Intelligent Commodity Indexing is a new book that explains how investors can intelligently use commodities in a portfolio in order to diversify risk and protect against inflation. Readers will find the book filled with decades of experience from its authors.
The authors include PIMCO executive vice president and real return manager Robert Greer. Prior to joining PIMCO in 2002, he was with JP Morgan Chase (NYSE:JPM) and Daiwa Securities as a developer and product manager of commodity indexes. Mr. Greer has more than 28 years of investment experience and invented the first commodity index in 1978. Mihir Worah and Nicholas Johnson are also authors on the book as well. Mr Worah and Mr Johnson co manage all of PIMCO’s commodity funds including the $26 billion Pimco Commodity Real Return Strategy Fund. Mr. Worah is a managing director, a portfolio manager, and head of Real Return portfolio management team for PIMCO. He has nine years of investment experience and holds a Ph.D in theoretical physics from the University of Chicago. Mr. Johnson, is a senior vice president and a portfolio manager focusing on commodities for PIMCO. Prior to joining PIMCO in 2004, he worked with NASA’s Jet Propulsion Laboratory, developing Mars missions. He has seven years of investment experience and holds a master’s degree in financial mathematics from the University of Chicago and an undergraduate degree from California Polytechnic State University.
I recently had the pleasure to speak with Mr. Greer and Worah about the new book and the current economic outlook regarding commodities.
Eric McWhinnie: Could you please explain your book and how it relates to commodities?
Mr. Greer: Sure, commodities are moving more into the mainstream as an asset class. With the recent volatility in the financial markets, investors are beginning to realize the benefits of using commodities in a portfolio to hedge against risk and inflation. The new book provides knowledge and a more intelligent way of getting value. It also explains the structure of indexes to readers and investors and how to invest in commodities.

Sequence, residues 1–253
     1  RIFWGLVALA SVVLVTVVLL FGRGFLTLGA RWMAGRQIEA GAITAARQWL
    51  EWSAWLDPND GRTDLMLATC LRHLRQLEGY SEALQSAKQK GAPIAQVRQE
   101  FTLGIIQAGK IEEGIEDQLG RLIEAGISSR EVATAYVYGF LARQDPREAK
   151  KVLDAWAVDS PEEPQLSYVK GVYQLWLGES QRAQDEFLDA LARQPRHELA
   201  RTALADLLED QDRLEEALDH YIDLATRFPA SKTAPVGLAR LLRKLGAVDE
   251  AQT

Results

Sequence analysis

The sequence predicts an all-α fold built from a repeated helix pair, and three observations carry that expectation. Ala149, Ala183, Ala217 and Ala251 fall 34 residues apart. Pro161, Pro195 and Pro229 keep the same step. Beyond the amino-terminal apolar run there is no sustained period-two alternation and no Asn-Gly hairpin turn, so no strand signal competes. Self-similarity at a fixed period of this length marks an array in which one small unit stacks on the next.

Mr. Worah: I agree with Robert on his statement that commodities are a good way to hedge against inflation, and would like to add that commodities also diversify an investors portfolio. What we are trying to accomplish is share with readers our decade of experience in managing commodity index portfolio in an ‘intelligent’ rather than in a purely ‘passive’ way. Passively investing in a commodity index has several drawbacks, and we point these out, as well as suggest ways to add value without taking a lot of additional risk.
Eric McWhinnie: What are the current trends taking place in commodities?
Mr. Worah: Commodities (NYSE:RJI) have two prevailing trends. First, central banks in developed markets are using policies to fight deflation. For example, the Federal Reserve just announced the continuance of low interest rates until 2013. This makes all real assets look very attractive. The second trend, which is a crosswind for commodities, is a slowing global economy. For example, Eurozone issues, fiscal unemployment in the U.S., and countries such as China are trying to slow their economy.
Eric McWhinnie: What is your outlook for commodities?
Mr. Worah: Demand is still going to be the driving force behind commodities. However, in the next six months, we expect to see volatility continue. Over the next 3-6 months, we are bias towards a slowdown and expect to see easing in prices. In the long term, 3-5 years, China (NYSE:FXI) and India (NYSE:INP) will be growing markets that will be dealing with decreasing supply. We expect developed market central banks to continue easing, which will provide support and higher prices for commodities.
Mr. Greer: We are also expecting volatility to be seen with bonds and stocks. One of the benefits investors will find with commodity indexing investing, is that when bonds or stocks zig, commodities will often zag the other way. Commodities are a good way to diversify a portfolio.
Eric McWhinnie: What are you expecting from the Federal Reserve?
Mr. Worah: With the highly unconventional low interest rates for another two years, the hurdle for QE3 is high. Instead, we expect to see a playbook laid out from the Fed with specific steps to stimulate the economy. These steps may include: Selling short-term instruments and buying long-term maturity bonds (Operation Twist), a broader purchase of bonds amounting to $1 trillion, reducing mortgage rates by mandate, or buying other risky assets. Nothing will happen fast in regards to the next steps from the Fed.
Mr. Greer: Long-term, the story is unchanged. We don’t expect to see QE3 in the near future, but we expect to see a playbook as Mihir described. The Fed is determined to fight deflation, and more steps will come from the Fed.
Robert Greer and Mihir Worah are authors of the new book Intelligent Commodity Indexing: A Profitable Guide to Investing in Commodities.